- however, statements still can’t be misleading or deceptive
- If you don’t share, there is no harm
- still best to destroy data on a regular schedule, even if it’s not called out in your notice
- If someone is surprised by how your product works after-the-fact, let them return the product – even if it falls outside your normal refund policies (consistent with OTA IoT guidelines)
Bottom line: it appears consent is dispositive. With no misuse, all that remains are ‘bare procedural violations’?
Native Photo App Needs More Scrutiny
Rivera v. Google
Motion to dismiss denied – Google, through its built-in android ‘Google Photos’ app, allegedly applied a proprietary facial recognition technology to every photo uploaded by the app. Google then allegedly used the face templates to organize and group photos, irrespective (allegedly) of whether the face belongs to a Google Photos user or non-user.
• Plaintiff Weiss, who purchased a Google ‘Droid’, claimed Google used his face template to recognize his gender, age, race, and location.
• Plaintiff Rivera, who claims to have never had a Google ‘Droid’, claimed Google user her face template to recognize her gender, age, race, and location.
Google allegedly did the above without informing either plaintiff, without obtaining written consent, and without specifying retention policies and destruction guidelines as required under BIPA.
On Google’s claim information derived from photographs is not covered under BIPA (740 ILCS 14/10), the court found a straight forward reading of BIPA indicated that Google was creating Biometric Identifiers (“scan of … face geometry”). The scans do not necessarily have to be performed live [“(I)t is unlikely that the statute sought to limit the definition of biometric identifier by limiting how the measurements are taken.” (emphasis in original)] Once discovery revealed what Google was actually doing, it could be determined that the Google’s process was not creating Biometric Identifiers. But at the motion to dismiss phase, Plaintiffs’ allegations must be taken as true.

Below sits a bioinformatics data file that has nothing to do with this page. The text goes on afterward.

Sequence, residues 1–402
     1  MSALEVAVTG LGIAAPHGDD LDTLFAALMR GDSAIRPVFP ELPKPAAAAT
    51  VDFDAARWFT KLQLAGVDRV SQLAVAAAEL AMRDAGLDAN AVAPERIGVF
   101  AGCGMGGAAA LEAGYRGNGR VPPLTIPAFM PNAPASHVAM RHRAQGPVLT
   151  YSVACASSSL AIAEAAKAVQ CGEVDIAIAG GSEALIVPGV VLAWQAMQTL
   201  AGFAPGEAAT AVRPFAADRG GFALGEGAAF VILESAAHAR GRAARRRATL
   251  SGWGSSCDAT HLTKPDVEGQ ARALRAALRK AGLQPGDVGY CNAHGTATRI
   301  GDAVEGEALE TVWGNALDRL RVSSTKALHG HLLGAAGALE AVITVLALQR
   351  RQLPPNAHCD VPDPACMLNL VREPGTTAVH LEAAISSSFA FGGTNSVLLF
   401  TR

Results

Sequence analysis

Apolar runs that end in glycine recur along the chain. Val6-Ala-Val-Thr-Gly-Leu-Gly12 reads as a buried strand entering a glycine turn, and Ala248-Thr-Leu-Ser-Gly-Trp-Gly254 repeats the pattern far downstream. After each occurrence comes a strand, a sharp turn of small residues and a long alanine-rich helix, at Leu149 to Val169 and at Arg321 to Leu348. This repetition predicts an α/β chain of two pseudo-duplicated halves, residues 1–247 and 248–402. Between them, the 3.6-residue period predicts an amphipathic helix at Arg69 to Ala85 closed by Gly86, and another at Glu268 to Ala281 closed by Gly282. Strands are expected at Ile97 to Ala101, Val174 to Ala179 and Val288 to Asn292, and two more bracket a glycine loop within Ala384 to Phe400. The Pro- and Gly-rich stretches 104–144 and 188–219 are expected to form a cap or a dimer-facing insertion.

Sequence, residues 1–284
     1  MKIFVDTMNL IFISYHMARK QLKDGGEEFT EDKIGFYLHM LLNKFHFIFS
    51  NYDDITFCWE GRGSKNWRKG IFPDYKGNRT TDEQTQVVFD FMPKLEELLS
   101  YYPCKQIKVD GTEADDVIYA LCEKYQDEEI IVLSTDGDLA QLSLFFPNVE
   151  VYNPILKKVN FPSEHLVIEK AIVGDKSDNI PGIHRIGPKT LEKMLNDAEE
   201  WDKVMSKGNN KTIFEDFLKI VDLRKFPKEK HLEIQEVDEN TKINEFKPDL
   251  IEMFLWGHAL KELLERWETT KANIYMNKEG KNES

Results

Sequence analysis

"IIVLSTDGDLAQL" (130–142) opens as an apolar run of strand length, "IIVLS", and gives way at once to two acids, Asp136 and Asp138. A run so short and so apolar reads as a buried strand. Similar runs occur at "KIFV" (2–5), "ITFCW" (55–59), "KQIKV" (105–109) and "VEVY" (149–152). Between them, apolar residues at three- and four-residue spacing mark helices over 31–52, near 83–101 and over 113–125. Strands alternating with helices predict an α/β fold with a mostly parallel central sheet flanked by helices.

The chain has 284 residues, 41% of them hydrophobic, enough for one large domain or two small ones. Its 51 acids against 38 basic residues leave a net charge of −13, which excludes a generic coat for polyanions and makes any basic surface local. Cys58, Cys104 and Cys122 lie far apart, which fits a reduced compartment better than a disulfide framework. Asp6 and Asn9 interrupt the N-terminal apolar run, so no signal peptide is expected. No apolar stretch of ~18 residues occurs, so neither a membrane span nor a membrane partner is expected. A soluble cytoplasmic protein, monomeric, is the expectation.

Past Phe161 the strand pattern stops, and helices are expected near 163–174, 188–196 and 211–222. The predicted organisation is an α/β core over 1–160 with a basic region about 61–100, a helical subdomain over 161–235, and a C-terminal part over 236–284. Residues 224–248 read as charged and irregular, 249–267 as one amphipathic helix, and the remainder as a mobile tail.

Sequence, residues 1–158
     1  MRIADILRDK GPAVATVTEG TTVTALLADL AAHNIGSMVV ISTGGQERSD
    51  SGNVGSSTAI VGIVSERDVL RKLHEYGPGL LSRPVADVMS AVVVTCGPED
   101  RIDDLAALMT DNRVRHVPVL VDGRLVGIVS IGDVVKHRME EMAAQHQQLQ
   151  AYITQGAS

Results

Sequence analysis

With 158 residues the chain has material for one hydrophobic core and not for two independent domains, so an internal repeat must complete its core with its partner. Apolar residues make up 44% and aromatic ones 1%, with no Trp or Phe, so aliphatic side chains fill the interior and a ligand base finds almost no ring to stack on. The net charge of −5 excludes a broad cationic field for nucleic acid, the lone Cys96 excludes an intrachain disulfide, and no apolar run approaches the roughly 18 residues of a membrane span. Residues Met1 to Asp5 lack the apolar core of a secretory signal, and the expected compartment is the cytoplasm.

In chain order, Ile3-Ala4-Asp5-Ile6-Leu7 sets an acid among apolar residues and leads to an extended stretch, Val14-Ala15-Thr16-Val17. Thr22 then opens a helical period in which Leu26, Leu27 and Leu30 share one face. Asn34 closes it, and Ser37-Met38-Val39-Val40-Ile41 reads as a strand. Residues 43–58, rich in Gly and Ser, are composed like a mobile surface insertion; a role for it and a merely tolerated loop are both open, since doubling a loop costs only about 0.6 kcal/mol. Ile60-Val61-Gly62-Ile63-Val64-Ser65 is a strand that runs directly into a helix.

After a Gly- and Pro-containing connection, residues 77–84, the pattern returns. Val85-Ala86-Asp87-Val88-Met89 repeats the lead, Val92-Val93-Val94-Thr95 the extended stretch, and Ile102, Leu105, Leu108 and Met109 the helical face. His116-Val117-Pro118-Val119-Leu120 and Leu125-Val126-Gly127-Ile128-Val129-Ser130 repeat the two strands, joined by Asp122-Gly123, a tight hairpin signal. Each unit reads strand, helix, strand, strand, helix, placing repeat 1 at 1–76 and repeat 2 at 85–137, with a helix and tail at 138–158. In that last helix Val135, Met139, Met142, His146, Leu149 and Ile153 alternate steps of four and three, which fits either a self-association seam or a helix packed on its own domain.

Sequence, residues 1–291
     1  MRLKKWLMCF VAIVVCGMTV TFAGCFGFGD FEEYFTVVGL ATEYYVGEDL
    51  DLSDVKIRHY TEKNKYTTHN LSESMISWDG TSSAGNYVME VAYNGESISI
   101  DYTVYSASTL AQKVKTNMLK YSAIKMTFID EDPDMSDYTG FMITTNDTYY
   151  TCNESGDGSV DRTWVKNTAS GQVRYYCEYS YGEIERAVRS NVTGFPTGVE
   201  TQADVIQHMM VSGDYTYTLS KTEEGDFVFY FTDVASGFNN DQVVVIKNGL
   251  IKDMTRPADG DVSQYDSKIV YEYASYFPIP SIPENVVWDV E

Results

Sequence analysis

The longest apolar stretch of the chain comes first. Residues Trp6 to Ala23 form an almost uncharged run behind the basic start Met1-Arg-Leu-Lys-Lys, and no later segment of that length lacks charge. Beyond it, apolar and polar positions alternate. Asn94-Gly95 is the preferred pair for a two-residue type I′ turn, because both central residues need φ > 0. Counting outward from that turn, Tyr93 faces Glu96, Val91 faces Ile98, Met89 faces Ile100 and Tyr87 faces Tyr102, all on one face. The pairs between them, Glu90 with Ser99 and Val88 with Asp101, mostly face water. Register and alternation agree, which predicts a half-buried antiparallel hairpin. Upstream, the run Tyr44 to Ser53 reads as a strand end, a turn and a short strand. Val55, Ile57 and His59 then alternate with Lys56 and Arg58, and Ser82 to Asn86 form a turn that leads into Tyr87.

On Google’s claim the contested activity did not take place in Illinois, the court found it persuasive that plaintiffs were Illinois residents, photos were taken in Illinois, and uploaded to the cloud in Illinois. Even if the scanning took place outside of Illinois,
more information was needed on the totality-of-circumstances to determine if Illinois law applied.
On Google’s claim BIPA conflicts with the federal Constitution’s Dormant Commerce Clause, the court found that again that more information was needed to determine whether the activity occurred wholly outside Illinois.
[N.D. Ill; 1:16-cv-02714]
jbho: wow – 20 pages of dicta on the definitions of biometric identifier and biometric information, including analysis of the legislative process in developing BIPA. Very informative and worth the read if you have time.